Grazing banned in Narok forests

By Our Reporter

Pastoralists illegally grazing their livestock in three key forests in Narok have been warned against invading the water towers in a bid to allow regeneration of the depleted forests.

Area Kenya Forest Services (KFS)Ecosystem Conservator Mwai Muraguri announced that they have outlawed the grazing of livestock in Mau, Olposimoru and Nyakweri forests this rainy season to boost vegetation cover.

Mr Muraguri said since the government placed the moratorium on logging in community and government forests last year,over 12,000 acres of the Maasai Mau forests that had been destroyed have been recovered.

“As Narok we have now surpassed the nationally projected forest cover of 10 percent as we are now at 16.7 percent.We are targeting at least 20 percent by the end of 2020 and livestock grazing is a threat to achieving this that is why we have subsequently banned grazing in these forests ,”he said.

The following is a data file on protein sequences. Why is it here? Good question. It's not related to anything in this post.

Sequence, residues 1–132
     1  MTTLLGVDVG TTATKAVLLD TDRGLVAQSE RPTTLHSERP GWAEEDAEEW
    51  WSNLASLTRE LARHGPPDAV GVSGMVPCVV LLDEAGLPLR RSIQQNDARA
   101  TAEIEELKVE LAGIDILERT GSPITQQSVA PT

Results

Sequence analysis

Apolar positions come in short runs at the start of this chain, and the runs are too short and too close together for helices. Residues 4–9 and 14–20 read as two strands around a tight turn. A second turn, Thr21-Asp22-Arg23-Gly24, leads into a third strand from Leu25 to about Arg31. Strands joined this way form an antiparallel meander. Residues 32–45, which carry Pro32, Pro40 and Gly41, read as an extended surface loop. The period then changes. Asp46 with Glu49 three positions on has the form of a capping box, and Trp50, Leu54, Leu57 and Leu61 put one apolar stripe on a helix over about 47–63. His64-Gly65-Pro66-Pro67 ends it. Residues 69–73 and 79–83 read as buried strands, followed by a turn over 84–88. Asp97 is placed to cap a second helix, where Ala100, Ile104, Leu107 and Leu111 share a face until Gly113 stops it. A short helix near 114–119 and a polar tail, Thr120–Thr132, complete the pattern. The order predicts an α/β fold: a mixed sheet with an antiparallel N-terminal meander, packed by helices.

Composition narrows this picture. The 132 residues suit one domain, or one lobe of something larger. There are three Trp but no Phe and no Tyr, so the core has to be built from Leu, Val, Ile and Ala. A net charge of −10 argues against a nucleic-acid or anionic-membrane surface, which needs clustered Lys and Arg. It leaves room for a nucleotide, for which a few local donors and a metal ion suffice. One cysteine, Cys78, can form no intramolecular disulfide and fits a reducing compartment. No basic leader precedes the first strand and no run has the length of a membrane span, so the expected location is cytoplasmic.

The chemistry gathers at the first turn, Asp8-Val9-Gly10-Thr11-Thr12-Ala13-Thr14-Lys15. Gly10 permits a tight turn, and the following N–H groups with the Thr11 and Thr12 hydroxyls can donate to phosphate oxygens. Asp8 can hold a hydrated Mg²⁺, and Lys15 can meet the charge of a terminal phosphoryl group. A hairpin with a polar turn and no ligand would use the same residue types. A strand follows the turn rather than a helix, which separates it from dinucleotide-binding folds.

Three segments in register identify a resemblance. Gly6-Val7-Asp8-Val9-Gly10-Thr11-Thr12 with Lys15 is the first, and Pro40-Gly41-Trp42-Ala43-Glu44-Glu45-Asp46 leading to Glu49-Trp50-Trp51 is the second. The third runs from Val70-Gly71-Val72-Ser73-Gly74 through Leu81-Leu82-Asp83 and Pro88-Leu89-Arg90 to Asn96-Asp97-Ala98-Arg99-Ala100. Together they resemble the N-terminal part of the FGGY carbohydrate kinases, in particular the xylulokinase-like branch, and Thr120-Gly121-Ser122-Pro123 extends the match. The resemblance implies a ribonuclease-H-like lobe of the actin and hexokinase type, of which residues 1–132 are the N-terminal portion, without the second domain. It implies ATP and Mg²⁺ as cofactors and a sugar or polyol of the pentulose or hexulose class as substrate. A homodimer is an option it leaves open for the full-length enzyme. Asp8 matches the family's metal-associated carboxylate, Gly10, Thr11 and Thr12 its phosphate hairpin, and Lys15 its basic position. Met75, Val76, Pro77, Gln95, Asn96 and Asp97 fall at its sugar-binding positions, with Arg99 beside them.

He attributed the increased forest cover to the multi-agency operation mooted September last year dubbed “Operation Okoa Maasai Mau” that saw over 10,000 illegal settlers flushed out of Kosia and Nkareta areas of the Maasai Mau.

The KFS official also said that the Nyakweri forest which is the elephants breeding forest that had been destroyed by illegal loggers and charcoal burners has also been recovered through the regular patrols by the KFS,KWS and Kenya Police officers.

He said the gains of conservation has already been seen in the last one year with water levels in the Mara River which is the lifeline to the world-famous Masai Mara Game Reserve have gone up prompting early migration of the annual wildebeests migration which has already kicked off.

Mr Muraguri has however asked the locals to plant trees in their private lands said that forests alone will not boost the country’s forest cover.

“If everybody plants at least 64 trees in his or her individual land them we can easily attain the forest cover very easily. By planting trees also means that the concerned residents will not have to invade forests to get firewood, timber or poles as they will be harvesting in their own farms,”urged the conservator.


Share on social media

Leave a Reply

Your email address will not be published. Required fields are marked *